North Carolina court upholds Asheville’s removal of Vance’s obelisk

know about North Carolina court upholds Asheville’s removal of Vance’s obelisk

A decision by a western North Carolina town to remove a downtown monument honoring a Civil War-era governor was upheld Tuesday by the state Court of Appeals. group. The North Carolina 26 Troops Historic Preservation Society opposes the demolition of the obelisk honoring former Governor Zebulon Vance in Asheville. The Asheville City Council voted in March 2021 to remove the Pack Square Plaza structure. The 75-foot (23-meter) obelisk was dismantled before the Court of Appeals ordered the city and county of Buncombe in June to halt demolition while appeals were heard. Therefore, the base of the monument remained in place. The society had reached a formal agreement in 2015 with the city to restore the monument, according to Tuesday’s opinion. The society raised more than $138,000 for that project, but that contract did not require city officials to preserve the 1897 obelisk, as the society maintains, Appeals Court Judge John Arrowood wrote. Instead, the contract “was for the donation of restoration work, which was completed prior to (Asheville’s) decision to remove the Vance Monument,” Arrowood wrote, defending Thornburg’s firing on the grounds that a breach claim of contract was insufficient. Chief Justice Donna Stroud and Justice April Wood agreed with Arrowood’s ruling. Vance, who was born in Buncombe County, served as governor from 1862 to 1865 and from 1877 to 1879. He was also a Confederate military officer and a United States Senator. The city has said the monument is located on a site where enslaved people are believed to have been sold. The monument was one of many Confederate statues and memorials that have been removed across the South since 2020 amid racial justice protests.

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A decision by a western North Carolina town to remove a downtown monument honoring a Civil War-era governor was upheld Tuesday by the state Court of Appeals.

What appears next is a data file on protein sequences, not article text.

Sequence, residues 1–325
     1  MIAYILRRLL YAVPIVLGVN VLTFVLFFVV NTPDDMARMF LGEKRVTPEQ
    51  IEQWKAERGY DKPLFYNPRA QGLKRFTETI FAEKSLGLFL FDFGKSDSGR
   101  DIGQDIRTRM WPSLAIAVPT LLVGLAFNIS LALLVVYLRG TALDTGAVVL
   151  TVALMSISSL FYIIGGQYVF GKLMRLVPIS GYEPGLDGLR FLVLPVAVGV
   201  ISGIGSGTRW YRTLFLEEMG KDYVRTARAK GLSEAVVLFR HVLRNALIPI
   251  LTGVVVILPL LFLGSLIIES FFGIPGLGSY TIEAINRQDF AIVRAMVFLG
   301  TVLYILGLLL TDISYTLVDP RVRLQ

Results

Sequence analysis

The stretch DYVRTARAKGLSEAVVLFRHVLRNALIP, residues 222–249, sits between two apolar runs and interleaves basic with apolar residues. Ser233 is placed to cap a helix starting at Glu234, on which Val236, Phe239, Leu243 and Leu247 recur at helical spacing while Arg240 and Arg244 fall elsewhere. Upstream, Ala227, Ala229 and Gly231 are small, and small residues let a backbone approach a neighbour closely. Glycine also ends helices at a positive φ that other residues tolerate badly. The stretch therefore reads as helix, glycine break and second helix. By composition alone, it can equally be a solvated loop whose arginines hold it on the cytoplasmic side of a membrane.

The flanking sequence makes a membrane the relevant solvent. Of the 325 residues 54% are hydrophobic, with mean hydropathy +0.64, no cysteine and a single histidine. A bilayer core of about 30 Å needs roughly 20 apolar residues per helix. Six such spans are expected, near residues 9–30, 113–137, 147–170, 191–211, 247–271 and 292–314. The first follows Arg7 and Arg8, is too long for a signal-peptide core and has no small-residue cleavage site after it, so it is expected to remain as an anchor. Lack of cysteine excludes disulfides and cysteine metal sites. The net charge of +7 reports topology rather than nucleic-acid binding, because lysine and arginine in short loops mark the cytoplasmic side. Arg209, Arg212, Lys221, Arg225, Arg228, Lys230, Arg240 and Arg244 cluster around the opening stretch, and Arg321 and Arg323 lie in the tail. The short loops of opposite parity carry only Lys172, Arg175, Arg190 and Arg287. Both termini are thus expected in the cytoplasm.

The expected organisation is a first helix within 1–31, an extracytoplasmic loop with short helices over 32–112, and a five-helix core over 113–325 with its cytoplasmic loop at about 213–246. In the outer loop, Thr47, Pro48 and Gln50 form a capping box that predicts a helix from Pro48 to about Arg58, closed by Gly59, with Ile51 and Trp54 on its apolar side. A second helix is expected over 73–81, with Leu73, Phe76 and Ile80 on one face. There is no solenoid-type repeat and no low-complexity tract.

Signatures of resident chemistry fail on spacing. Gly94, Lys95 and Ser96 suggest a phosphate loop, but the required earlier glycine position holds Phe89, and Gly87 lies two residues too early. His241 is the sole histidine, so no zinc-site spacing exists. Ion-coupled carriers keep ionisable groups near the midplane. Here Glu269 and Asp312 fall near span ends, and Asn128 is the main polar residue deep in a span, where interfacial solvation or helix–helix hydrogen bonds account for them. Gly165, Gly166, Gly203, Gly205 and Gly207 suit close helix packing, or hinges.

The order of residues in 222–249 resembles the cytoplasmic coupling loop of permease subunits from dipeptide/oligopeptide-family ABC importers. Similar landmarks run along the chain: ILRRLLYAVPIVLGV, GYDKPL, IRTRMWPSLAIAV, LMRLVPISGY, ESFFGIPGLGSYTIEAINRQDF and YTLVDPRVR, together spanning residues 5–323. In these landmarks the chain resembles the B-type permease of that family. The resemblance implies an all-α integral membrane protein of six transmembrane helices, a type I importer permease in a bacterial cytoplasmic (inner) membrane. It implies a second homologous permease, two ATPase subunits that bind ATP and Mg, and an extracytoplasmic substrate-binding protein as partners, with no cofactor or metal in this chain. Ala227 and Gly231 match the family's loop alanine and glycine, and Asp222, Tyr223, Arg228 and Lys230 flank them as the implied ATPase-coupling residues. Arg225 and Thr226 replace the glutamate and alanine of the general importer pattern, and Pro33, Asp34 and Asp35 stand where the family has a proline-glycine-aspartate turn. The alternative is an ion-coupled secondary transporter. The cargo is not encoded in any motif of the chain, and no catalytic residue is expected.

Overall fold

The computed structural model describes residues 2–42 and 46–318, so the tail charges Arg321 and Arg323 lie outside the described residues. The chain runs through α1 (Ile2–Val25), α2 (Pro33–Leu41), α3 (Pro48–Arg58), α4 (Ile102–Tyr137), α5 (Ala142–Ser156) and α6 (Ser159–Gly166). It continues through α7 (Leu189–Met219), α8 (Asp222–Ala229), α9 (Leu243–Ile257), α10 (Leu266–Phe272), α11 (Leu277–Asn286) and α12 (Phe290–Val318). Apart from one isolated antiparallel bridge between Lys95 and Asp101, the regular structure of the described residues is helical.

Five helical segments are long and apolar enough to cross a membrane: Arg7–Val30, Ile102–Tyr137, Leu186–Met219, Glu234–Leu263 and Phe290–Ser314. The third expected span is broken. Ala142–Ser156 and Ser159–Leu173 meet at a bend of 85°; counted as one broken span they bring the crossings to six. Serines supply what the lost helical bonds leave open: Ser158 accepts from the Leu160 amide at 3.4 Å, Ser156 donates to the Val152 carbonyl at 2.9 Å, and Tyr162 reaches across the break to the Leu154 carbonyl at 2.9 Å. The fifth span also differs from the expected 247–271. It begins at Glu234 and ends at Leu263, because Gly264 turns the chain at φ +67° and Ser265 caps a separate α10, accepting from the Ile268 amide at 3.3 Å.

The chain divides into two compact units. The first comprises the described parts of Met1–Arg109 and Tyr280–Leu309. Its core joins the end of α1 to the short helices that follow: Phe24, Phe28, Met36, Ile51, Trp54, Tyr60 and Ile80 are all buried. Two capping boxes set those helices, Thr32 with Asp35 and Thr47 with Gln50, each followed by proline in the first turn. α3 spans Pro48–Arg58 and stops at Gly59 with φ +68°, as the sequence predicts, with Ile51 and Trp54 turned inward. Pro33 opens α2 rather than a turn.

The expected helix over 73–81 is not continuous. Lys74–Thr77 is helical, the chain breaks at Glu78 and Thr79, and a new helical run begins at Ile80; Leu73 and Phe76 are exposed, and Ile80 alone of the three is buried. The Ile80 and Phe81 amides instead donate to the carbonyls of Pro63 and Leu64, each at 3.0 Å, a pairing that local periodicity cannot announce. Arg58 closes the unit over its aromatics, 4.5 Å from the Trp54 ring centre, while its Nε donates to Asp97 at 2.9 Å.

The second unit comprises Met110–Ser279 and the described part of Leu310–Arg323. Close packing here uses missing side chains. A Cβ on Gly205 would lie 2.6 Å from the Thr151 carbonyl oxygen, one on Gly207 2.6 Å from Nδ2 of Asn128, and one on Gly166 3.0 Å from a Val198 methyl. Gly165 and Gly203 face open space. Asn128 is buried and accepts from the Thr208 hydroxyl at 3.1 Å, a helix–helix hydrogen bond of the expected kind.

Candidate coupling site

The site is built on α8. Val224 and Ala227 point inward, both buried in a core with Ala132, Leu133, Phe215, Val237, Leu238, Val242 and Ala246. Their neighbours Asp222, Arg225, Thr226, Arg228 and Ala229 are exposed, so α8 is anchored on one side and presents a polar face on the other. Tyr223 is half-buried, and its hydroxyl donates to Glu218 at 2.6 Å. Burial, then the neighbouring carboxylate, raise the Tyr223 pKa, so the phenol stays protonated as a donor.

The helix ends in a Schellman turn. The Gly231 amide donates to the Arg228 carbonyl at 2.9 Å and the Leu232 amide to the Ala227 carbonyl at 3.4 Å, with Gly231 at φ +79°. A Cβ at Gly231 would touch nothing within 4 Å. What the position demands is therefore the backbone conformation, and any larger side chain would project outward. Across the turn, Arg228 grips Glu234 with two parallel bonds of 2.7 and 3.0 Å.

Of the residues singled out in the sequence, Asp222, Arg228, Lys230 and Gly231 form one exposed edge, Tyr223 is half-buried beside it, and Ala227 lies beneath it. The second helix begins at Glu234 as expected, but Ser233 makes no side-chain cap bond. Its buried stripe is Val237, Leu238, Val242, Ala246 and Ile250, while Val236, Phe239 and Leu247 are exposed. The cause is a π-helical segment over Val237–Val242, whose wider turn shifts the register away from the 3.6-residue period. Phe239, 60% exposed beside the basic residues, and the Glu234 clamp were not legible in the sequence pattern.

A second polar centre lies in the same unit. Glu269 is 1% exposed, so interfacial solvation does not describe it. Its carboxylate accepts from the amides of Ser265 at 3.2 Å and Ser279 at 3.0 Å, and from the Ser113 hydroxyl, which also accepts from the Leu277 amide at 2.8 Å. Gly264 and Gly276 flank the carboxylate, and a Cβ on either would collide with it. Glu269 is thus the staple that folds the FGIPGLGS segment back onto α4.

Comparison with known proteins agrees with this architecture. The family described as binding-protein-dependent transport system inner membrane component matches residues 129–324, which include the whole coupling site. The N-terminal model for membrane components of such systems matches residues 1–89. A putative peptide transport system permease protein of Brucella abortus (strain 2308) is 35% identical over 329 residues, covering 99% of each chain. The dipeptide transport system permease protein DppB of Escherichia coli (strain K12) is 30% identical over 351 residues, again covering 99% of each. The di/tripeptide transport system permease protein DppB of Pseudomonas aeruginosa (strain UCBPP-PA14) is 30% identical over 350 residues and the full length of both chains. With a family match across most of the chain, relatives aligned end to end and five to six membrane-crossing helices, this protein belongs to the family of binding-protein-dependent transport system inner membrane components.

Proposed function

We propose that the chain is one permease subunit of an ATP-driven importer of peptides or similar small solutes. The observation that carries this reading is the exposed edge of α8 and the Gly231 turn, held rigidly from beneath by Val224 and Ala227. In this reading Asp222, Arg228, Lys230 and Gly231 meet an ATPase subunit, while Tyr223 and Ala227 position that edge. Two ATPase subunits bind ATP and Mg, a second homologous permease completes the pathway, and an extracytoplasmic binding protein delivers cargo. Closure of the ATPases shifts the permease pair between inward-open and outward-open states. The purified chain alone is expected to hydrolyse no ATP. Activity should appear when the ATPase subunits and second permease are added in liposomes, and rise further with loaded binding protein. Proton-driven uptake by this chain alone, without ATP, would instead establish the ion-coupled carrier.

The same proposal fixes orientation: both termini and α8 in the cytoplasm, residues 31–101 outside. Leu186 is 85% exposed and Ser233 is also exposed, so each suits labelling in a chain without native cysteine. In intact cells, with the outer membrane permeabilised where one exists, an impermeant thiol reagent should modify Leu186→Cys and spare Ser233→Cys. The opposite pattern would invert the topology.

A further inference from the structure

An appeals panel unanimously affirmed Superior Court Judge Alan Thornburg’s decision last year to dismiss a lawsuit brought by a historic preservation group. The North Carolina 26th Troop Historic Preservation Society opposes the demolition of the obelisk in honor former Governor Zebulon Vance in Asheville.

The Asheville City Council voted in March 2021 to remove the Pack Square Plaza structure. The 23-meter (75-foot) tall obelisk was dismantled before the The Court of Appeals told the city and county of Buncombe in June to stop the demolition. while listening to the resources. So the base of the monument has remained in place.

The society had reached a formal agreement in 2015 with the city to restore the monument, according to Tuesday’s opinion. The society raised more than $138,000 for that project, but that contract did not require city officials to preserve the 1897 obelisk, as the society maintains, Court of Appeals Judge John Arrowood wrote.

Instead, the contract “was for the donation of restoration work, which was completed prior to (Asheville’s) decision to remove the Vance Monument,” Arrowood wrote in defending Thornburg’s firing on the grounds of breach of contract. Head Judge Donna Stroud and Judge April Wood agreed with Arrowood’s decision.

Vance, who was born in Buncombe County, served as governor from 1862 to 1865 and from 1877 to 1879. He was also a Confederate military officer and a United States Senator. The city has said the monument is located on a site where enslaved people are believed to have been sold.

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The monument was one of many Confederate statues and memorials that have been removed across the South since 2020 amid racial justice protests.